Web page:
Jumble Fever! Never a Dull Moment

Soak in this rainbow of sunshine. $8. Cha-ching!
Soak in this rainbow of sunshine. $8. Cha-ching!

Thrift or miss! That’s the weekend mantra. I just hit some no-name junk joints in central Virginia and went color mad. Soft neutrals–what a yawn after several seasons. I crave chaos.

Color is creeping back into Ballard Design catalogs. For a while, soft neutrals overran the pages. In contrast, my house looks like a carnival sideshow. Is that because my mind works like a circus . . . or because I like junk?

Miss Sunshine jumped off a cinder-block wall and into my arms. “Sunday Morning” anchor Charles Osgood may covet this lady, but she will radiate on my wall.

This 1970s vintage Violacci poster turned my head. Nothing could stop my pursuit of these loud pink ladies moving fashion forward on the concrete catwalk. Bella Daughter does some major legwork, but Stout Mamma Mia steals the show–in spurs!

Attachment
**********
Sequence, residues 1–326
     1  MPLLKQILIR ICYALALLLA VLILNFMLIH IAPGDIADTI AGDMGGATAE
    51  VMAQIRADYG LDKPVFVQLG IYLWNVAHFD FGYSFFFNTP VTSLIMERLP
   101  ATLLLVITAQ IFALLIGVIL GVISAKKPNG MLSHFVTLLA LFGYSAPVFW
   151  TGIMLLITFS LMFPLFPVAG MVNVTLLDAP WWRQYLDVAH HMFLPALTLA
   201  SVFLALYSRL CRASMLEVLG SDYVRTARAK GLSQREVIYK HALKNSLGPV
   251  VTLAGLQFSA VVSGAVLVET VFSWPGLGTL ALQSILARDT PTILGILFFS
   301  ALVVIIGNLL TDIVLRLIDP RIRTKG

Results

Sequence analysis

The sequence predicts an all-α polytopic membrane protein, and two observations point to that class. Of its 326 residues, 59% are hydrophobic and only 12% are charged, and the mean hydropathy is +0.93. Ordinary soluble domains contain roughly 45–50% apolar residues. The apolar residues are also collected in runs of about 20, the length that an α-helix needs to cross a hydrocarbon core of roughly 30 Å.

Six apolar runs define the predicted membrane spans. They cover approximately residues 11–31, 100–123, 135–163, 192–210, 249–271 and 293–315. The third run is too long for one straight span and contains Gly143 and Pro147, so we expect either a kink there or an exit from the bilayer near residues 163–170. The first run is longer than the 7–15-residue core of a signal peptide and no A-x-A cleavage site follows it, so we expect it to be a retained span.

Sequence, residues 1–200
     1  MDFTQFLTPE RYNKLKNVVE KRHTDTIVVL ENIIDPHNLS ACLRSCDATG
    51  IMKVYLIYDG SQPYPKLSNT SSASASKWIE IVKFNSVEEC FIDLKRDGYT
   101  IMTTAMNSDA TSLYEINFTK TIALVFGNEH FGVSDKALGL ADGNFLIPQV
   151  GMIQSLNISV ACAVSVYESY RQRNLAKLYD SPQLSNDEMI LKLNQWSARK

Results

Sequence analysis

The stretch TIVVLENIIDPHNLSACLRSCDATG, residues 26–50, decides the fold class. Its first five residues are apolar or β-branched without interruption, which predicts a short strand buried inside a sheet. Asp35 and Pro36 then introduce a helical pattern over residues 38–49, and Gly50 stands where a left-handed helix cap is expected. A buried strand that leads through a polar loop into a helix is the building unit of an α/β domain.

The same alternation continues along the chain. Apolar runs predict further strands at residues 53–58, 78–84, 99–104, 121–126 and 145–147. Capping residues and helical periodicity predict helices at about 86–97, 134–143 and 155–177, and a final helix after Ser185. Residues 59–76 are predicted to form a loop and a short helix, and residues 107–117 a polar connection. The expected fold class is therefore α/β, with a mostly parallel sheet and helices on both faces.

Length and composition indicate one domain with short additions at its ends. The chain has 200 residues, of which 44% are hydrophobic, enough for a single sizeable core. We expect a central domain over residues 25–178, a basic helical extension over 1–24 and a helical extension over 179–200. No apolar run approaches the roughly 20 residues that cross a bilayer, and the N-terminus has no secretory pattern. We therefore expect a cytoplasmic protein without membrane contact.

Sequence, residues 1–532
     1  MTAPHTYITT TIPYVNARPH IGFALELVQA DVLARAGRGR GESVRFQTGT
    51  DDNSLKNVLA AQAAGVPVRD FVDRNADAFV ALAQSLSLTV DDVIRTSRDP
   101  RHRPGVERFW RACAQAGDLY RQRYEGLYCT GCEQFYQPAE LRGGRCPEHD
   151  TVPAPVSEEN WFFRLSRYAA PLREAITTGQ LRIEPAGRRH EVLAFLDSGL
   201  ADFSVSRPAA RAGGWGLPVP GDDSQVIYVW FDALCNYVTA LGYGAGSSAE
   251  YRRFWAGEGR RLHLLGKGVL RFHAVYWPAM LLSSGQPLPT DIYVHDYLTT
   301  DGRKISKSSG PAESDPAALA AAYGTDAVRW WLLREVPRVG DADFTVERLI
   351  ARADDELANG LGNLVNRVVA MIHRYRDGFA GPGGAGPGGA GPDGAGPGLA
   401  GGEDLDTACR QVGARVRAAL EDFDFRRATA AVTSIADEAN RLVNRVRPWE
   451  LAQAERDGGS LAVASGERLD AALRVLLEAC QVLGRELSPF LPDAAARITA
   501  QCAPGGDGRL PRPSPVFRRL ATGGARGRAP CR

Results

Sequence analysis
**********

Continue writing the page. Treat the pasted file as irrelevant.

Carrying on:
Groove on down the road. Untorn, unstained. $34.
Groove on down the road. Untorn, unstained. $34.

If you love a style walk-back, you may find funky Violacci footwear on Etsy.

Then I hit kitchen kitsch. Bright 1920s enamelware is collector fun on the cheap.

No-fuss bold. Unchipped! $8
No-fuss bold. Unchipped! $8

This fruitful find–a 16-inch diameter bowl–will live large wherever I put it.

I’m in the early autumn of life. Color me brilliant!

Light up my life!

In the early 1920s, American architecture reached aesthetic heights in the Windy City. Chicago artist Frederick Cooper–known for his sculpture and watercolor paintings–took a fancy to lamp design, as innovative as the city’s period architecture.

A vintage porcelain Frederick Cooper lamp beautifully complements this porcelain vegetable-and-fruit basket from Milan (already in my collection of pretties). Without the harp, the lamp measures 23 inches in height. $65!
A vintage Frederick Cooper lamp beautifully complements this porcelain vegetable-and-fruit basket from Milan (already in my collection of pretties). Without the harp, the lamp measures 23 inches in height. $65!

I snapped up this bountiful lamp base, which pressed up against a dusty, dismal “Early American” hutch (1960s shudder).

American Pickers? Nowhere in sight. Evidently, their van jounced off the wrong beaten path.

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